Republican lawmakers in Pennsylvania plan to formally launch hearings as part of an investigation into the 2020 vote in the state, the latest GOP-backed effort to revisit an election that former President Trump has falsely claimed was fraudulent. State Senate President Pro Tempore Jake Corman said lawmakers are pursuing a “full forensic investigation” of the election that will aim to examine ballots and voter rolls. It is the latest sign of how Republican leaders in key battleground states are bowing to pressure from Trump and his acolytes to investigate baseless allegations that voting irregularities tainted the November election.

Texas Dallas Council Member Violated Ethics Code for Saying Woman Sounded ‘Foolish’ on Facebook
Dallas Morning News – Lauren Girgis | Published: 8/20/2021

The Ethics Advisory Commission found Dallas City Councilperson Adam Bazaldua in violation of the ethics code for Facebook comments where he wrote that a constituent sounded “foolish.” The commission found Bazaldua violated a section of the code stating that city officials shall not make comments or take actions that are “abusive,” “derogatory,” “rude,” or make “personal attacks upon the character, integrity, or motives of others.”

Texas Texas Republicans Renew Effort to Advance Voting Bill as Democrats Regroup
MSN – Jane Timm (NBC News) | Published: 8/23/2021

The Texas House could pass voting restrictions soon after Democrats’ efforts to stave off the Republican-backed changes were stymied by three Democrats who broke ranks with much of the rest of their caucus and returned to work at the Capitol. Their return restored a quorum for the first time since more than 50 House Democrats fled to Washington, D.C. The coordinated escape from Austin left Texas Republicans furious, creating wanted posters and threatening to have missing members arrested.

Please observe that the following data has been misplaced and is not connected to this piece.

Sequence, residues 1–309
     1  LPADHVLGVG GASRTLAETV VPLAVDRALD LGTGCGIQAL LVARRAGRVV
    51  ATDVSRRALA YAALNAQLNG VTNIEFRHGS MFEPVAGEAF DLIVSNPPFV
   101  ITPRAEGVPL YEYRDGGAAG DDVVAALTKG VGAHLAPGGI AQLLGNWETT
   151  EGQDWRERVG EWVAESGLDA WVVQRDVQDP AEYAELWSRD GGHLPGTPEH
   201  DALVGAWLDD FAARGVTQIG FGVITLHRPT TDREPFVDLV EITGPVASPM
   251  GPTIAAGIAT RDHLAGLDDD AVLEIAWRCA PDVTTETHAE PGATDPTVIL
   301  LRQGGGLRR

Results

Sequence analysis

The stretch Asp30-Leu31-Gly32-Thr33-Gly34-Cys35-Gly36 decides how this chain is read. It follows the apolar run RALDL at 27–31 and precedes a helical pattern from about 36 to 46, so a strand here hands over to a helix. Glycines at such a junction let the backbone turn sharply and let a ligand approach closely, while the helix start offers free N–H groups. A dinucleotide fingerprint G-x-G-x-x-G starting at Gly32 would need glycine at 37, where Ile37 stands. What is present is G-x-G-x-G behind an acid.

Virginia Ex-Norfolk Sheriff Bob McCabe Found Guilty on All Public Corruption Charges
WAVY – Brian Reese, Jason Marks, and Sarah Fearing | Published: 8/24/2021

Former Norfolk Sheriff Bob McCabe was found guilty on all 11 counts in a federal bribery trial. He faces up to 20 years in prison for each count. McCabe was accused of taking bribes from two Norfolk jail vendors and the companies’ chief executive officers. McCabe had argued the gifts and campaign donations, which happened from 1994 to 2016, were just gestures between good friends.